Monday, June 29, 2009

The Oregon Coast is "COOL"

Bridges of the Oregon Coast
Lincoln City Kite Festival
The world's smallest harbor and the world's shortest river.
Spouting Horns
Heceta Head and Yaquina Head Lighthouse with Fresnel lens background.
A rogue with a Rogue.
Sea Lion Cave and Rookery.

We continue our drive up the Oregon coast and, as if they want you to have a real time Oregon experience, it began to rain as we passed Cape Foulweather. We are at the Chinook Bend RV Resort near Lincoln City, a campground on the bank of the Siletz River, a tidal river where the water flows "upstream" when the tide is coming in and then reverses as the tide goes out. As the title states, the Oregon coast is a cool place with temps being in the sixties with a lot of wind. This has been okay on the days when the sun is out, which has been most, but it can be bone chilling when it is overcast. It is strange to walk on the beach and see people bundled up in winter coats. I don't even have to wear my glasses because there are no cute little bikinis to see. The other half of cool is the neat and different things we continue to see and do as we travel the coastal highway. Even the bridges over the many streams and rivers flowing to the Pacific are unique. Most of them were designed by Conde B. McCollough in the 1930's and each one is different, unlike the cookie cutter bridges on today's interstate roads.

In Lincoln City they take advantage of the ideal winds and have a kite festival that is similar to the one we went to on South Padre Island in February. There were huge kites anchored in the sand and several choreographed performances with individual and team kiting. One group, iQuad, was at the Texas festival. We have included a short video of one of their routines. Lincoin City is also the home to one of several local attractions that are described by a superlative. Here, it is the "D" River which holds the Guinness Book record for being the shortest river in the world. It is only 120 feet from fresh water Devils Lake to the Pacific Ocean. Kayaking the entire length of the river is a cool thing to do.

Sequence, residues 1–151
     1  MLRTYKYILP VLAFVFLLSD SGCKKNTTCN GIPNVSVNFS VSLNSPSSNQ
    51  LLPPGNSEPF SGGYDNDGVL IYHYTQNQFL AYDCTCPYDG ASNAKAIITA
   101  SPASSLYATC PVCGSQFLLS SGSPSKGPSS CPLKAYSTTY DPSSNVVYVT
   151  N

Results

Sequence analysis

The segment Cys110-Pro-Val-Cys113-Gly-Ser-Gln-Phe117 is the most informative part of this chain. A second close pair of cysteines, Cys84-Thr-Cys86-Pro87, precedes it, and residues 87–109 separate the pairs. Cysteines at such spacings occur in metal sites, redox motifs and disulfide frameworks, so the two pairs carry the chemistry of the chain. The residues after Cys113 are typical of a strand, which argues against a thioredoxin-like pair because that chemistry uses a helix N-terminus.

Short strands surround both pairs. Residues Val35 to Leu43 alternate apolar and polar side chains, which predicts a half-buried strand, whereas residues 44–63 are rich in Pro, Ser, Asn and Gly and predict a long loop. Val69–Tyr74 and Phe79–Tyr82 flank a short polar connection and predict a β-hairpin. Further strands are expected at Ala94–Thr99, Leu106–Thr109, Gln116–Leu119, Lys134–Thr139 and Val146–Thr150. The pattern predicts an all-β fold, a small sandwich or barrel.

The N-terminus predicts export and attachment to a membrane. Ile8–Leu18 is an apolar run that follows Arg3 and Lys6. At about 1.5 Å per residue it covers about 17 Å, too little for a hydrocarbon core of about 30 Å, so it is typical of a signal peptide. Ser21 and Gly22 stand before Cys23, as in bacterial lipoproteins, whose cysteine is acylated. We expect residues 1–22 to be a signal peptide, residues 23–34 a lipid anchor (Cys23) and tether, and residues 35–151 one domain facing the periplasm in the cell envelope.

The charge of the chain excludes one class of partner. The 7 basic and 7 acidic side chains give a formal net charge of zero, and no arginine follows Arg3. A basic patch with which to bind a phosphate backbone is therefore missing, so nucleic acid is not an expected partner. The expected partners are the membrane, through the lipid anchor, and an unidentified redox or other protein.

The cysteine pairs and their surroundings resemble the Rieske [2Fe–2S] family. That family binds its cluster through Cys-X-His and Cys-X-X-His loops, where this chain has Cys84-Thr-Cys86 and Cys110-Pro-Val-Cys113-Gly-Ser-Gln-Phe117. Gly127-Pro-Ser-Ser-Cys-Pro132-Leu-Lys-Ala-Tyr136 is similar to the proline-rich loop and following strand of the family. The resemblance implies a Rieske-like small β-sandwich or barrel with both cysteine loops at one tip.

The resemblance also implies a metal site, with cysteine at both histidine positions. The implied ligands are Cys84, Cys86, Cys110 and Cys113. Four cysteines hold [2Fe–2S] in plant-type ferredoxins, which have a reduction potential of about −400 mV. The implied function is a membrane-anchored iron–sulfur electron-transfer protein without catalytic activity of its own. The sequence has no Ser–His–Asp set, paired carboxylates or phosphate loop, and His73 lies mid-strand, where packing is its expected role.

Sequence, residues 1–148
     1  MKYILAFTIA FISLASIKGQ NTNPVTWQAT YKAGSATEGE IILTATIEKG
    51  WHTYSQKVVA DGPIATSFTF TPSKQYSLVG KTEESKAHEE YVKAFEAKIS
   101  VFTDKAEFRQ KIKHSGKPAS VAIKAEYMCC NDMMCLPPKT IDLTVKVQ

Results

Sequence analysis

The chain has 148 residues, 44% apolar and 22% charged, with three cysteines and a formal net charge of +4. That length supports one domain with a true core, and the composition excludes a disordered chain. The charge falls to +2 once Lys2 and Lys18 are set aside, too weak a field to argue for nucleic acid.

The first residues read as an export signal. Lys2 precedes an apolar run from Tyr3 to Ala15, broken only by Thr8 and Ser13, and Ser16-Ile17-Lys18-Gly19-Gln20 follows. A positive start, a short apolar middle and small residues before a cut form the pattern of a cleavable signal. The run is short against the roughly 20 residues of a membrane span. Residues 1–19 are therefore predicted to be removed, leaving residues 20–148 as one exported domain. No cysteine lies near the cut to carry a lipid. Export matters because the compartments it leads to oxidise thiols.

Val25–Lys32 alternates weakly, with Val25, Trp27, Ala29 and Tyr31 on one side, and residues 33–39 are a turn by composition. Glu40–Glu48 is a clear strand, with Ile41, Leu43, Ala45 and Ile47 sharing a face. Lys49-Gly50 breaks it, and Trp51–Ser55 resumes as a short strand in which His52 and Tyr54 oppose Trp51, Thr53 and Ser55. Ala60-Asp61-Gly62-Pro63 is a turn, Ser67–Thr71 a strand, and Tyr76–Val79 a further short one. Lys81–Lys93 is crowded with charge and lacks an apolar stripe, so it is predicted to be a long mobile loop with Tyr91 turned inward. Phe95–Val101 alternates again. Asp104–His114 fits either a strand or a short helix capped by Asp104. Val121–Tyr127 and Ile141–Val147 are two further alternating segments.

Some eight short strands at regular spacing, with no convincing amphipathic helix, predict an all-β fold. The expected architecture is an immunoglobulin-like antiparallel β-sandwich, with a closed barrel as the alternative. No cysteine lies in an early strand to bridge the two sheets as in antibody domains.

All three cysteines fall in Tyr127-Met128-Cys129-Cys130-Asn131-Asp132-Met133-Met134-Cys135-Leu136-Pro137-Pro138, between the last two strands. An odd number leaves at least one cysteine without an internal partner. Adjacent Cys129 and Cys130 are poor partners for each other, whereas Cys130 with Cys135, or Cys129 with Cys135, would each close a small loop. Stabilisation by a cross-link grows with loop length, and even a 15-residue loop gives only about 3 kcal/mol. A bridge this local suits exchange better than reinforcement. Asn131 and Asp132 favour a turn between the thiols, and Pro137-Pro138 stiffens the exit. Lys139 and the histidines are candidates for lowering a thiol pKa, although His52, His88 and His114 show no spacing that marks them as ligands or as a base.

In nearby Depoe Bay we saw the Pacific with some of the largest waves we have ever seen. The area is known for its spouting horns that channel the waves into holes that blow the spray and mist high into the air. We were there at high tide on a day with strong winds coming off the water and it was quite a show with the water coming over the high seawall. One local told us that during winter storms the spray blows across the highway. This is one of the best places to get an up close look at the waves crashing onto the rocky shore, but many other spots allow for interesting but less specular waves. It is so cool watching the waves crashing on to the rocky shoreline. Also located here is the world's smallest navigable harbor.